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Conservation Behavior: From Voluntary Restraint to a Voluntary Price Premium

This paper provides a theoretical and empirical investigation of conservation behavior that is motivated by concern for the environment. Two types of behavior are considered. First, individuals who care about environmental quality may voluntarily restrain their consumption of goods and services that generate a negative externality. Second, individuals may choose to pay a voluntary price premium for goods and services that are more "environmentally friendly." A theoretical model highlights the relationship between such voluntary restraint and a voluntary price premium. We test predictions of the model in an empirical study of household electricity consumption with introduction of a price-premium, green-electricity program. We find evidence of voluntary restraint and its relation to a voluntary price premium. The empirical results are consistent with the model of conservation behavior, as none of the theoretical predictions can be rejected.

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File URL: http://web.williams.edu/Economics/wp/kotchenconserv.pdf
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Paper provided by Department of Economics, Williams College in its series Department of Economics Working Papers with number 2004-16.

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Length: 35 pages
Date of creation: Oct 2004
Date of revision:
Handle: RePEc:wil:wileco:2004-16
Contact details of provider: Postal: Williamstown, MA 01267
Phone: 413 597 2476
Fax: 413 597 4045
Web page: http://econ.williams.edu
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  1. Harbaugh, William T, 1998. "The Prestige Motive for Making Charitable Transfers," American Economic Review, American Economic Association, vol. 88(2), pages 277-82, May.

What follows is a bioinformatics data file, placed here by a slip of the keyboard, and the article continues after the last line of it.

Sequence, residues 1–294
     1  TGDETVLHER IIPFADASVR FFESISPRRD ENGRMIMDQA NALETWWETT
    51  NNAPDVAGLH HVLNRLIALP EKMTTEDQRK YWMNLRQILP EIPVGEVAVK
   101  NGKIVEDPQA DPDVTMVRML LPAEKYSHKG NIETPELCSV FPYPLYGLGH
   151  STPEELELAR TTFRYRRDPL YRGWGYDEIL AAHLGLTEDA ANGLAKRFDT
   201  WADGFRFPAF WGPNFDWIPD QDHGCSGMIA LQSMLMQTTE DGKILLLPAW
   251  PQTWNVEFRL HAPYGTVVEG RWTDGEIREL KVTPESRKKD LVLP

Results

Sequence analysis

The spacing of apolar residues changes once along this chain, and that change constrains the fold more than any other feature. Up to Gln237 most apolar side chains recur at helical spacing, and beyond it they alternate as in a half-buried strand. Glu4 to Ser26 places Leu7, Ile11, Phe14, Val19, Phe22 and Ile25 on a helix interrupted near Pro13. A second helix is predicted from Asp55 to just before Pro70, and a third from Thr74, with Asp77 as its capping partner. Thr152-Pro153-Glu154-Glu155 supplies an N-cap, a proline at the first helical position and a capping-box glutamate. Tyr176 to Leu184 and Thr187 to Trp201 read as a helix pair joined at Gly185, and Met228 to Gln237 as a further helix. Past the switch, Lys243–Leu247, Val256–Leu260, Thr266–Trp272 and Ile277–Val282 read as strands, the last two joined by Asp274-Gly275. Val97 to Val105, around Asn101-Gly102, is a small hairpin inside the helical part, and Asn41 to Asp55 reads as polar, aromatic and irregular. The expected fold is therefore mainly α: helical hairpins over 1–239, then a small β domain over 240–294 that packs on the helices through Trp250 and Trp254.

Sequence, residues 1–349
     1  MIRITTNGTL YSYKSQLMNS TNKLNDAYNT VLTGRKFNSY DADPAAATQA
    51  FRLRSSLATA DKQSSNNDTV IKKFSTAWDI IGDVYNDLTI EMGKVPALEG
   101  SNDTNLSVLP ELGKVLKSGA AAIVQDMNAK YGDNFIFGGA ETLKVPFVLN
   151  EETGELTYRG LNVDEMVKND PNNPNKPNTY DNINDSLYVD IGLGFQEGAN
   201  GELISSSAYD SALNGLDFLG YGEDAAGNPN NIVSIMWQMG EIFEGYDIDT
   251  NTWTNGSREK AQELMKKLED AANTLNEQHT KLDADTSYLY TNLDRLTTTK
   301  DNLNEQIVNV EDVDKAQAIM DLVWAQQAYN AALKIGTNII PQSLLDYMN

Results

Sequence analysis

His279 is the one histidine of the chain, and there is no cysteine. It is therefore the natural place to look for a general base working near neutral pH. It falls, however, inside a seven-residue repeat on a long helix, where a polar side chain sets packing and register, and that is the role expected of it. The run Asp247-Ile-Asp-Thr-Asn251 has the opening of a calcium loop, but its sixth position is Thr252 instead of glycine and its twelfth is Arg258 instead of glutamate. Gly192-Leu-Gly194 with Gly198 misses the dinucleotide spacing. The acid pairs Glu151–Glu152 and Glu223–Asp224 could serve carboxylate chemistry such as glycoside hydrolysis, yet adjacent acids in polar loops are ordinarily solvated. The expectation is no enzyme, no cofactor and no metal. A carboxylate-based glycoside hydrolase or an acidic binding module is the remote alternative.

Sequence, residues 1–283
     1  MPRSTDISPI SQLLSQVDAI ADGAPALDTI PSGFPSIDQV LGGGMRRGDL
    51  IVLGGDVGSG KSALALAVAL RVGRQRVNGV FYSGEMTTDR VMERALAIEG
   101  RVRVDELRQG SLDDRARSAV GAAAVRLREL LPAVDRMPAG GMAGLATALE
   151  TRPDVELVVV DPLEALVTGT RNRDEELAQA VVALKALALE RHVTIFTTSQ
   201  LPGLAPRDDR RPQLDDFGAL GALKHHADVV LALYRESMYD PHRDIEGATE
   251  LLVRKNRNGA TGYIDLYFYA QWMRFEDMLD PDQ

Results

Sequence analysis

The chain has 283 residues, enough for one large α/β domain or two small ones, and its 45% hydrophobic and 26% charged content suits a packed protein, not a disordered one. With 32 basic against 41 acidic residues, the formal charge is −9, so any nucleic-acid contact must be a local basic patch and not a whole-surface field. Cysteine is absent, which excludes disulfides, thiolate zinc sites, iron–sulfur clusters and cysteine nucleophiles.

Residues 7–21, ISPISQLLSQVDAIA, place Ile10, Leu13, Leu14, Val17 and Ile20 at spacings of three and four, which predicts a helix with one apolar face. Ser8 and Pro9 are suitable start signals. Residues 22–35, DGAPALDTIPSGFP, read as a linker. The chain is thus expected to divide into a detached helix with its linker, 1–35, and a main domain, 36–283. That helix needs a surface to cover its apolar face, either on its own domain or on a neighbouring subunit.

2. Rose, Steven K. & Clark, Jeremy & Poe, Gregory L. & Rondeau, Daniel & Schulze, William D., 2002. "The private provision of public goods: tests of a provision point mechanism for funding green power programs," Resource and Energy Economics, Elsevier, vol. 24(1-2), pages 131-155, February.
  3. Harbaugh, William T., 1998. "What do donations buy?: A model of philanthropy based on prestige and warm glow," Journal of Public Economics, Elsevier, vol. 67(2), pages 269-284, February.
  4. Roe, Brian & Teisl, Mario F. & Levy, Alan & Russell, Matthew, 2001. "US consumers' willingness to pay for green electricity," Energy Policy, Elsevier, vol. 29(11), pages 917-925, September.
  5. Patricia Champ & Richard Bishop, 2001. "Donation Payment Mechanisms and Contingent Valuation: An Empirical Study of Hypothetical Bias," Environmental & Resource Economics, European Association of Environmental and Resource Economists, vol. 19(4), pages 383-402, August.
  6. Kahneman, Daniel & Knetsch, Jack L., 1992. "Valuing public goods: The purchase of moral satisfaction," Journal of Environmental Economics and Management, Elsevier, vol. 22(1), pages 57-70, January.
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